Fighting Fear Rhetoric through Interfaith Collaboration: A 9/11 Reflection

Some may believe that the United States is the only nation in which government officials and companies benefit from fear-mongering, especially on the anniversaries of tragic incidents such as those experienced on the East Coast on September 11th, 2001.

But there are political and financial elites in other nations, such as Uganda, who also use the anniversaries of terrorist attacks to justify warring and pillaging Muslim countries.  After the bombings in Kampala on 7/11 in 2010, the attacks were quickly blamed on al-Qaeda affiliates al-Shabaab.  This led to the further deployment of UPDF troops in Somalia, who in recent days were accused of gang-rapes.  Outspoken journalist Timothy Kalyegira suggested online the central government of Uganda also be investigated for facilitating the bombings, and he was quickly imprisoned for his request.  (We at Solidarity Uganda had the opportunity of interviewing him on film concerning these things and others.)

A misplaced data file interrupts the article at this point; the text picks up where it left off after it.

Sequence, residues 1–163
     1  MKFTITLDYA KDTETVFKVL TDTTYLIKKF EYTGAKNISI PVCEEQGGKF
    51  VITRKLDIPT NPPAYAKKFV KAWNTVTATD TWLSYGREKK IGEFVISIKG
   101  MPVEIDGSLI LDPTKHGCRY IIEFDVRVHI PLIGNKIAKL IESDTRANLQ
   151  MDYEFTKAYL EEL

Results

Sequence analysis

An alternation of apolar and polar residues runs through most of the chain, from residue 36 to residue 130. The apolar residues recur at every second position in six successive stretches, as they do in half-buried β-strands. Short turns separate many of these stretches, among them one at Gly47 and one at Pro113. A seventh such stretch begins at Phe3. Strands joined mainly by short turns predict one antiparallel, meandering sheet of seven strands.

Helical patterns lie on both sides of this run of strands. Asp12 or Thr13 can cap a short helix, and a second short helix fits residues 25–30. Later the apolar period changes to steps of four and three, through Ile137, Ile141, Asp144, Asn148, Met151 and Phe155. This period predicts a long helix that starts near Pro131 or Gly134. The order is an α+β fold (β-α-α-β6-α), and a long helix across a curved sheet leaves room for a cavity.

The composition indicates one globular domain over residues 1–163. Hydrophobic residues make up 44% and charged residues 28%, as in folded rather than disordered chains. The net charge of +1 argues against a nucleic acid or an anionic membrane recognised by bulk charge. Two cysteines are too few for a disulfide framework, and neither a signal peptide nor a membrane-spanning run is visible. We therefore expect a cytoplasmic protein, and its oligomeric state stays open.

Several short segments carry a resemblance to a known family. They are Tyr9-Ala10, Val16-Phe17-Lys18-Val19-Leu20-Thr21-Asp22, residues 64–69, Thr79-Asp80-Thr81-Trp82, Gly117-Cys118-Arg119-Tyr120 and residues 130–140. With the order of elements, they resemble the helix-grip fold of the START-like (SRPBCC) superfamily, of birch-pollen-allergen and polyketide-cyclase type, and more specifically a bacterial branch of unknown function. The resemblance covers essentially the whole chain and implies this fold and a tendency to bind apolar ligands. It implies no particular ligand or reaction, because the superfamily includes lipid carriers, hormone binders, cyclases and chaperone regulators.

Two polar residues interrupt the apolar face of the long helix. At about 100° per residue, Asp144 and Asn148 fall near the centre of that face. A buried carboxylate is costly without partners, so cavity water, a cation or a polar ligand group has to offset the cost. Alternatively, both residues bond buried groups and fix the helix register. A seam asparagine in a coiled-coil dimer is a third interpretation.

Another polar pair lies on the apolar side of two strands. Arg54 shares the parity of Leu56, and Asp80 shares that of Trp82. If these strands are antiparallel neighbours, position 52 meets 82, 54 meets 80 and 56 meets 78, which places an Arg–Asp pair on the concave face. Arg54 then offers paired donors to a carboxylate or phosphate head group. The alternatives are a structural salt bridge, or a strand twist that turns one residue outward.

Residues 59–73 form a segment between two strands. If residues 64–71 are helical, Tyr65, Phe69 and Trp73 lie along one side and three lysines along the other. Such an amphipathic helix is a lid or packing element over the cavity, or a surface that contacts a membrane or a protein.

As we remember tragedies such as 7/11 and 9/11, we must remember them as a warning, not a guide.  Too often our responses are to follow suit by repaying an eye for an eye (or at the rates of the United States and Uganda – two nations fighting terror with even more terror – an entire body for an eye).  When our pastors, our businessmen, our neighbors say things like “every Muslim celebrates when a Christian is killed,” (a teaching I recently heard from a Ugandan pulpit) ask them more about their closest Muslim friend.  Chances are they don’t have one.  And how can one have any right to perpetuate stereotypes without first knowing and understanding?  Today is a reminder that “other” is not “other.”  The human race is one, and every bomb, every war is a wound which can only be healed through seeking deeper understanding.

Said one Solidarity Uganda guest trainer who is regularly facilitating interfaith dialogues, “Violence is best prevented, and unity is best built, when we work together on the same social issues.”  Recognizing what unites us and what problems we all face together (and collaborating to end these injustices) brings us together in an organic way.  We felt this during the first of many gun violence vigils in Harrisburg, during which Catholics, Unitarians, Muslims, Anabaptists, and others took leadership roles.  Oil subsidies and political power: these are fleeting things not worth dying for.  The lives of neighbors on the other hand….that is worth our struggle.

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During an interfaith nonviolent action training with Solidarity Uganda, participants map their community issues and draft solutions.

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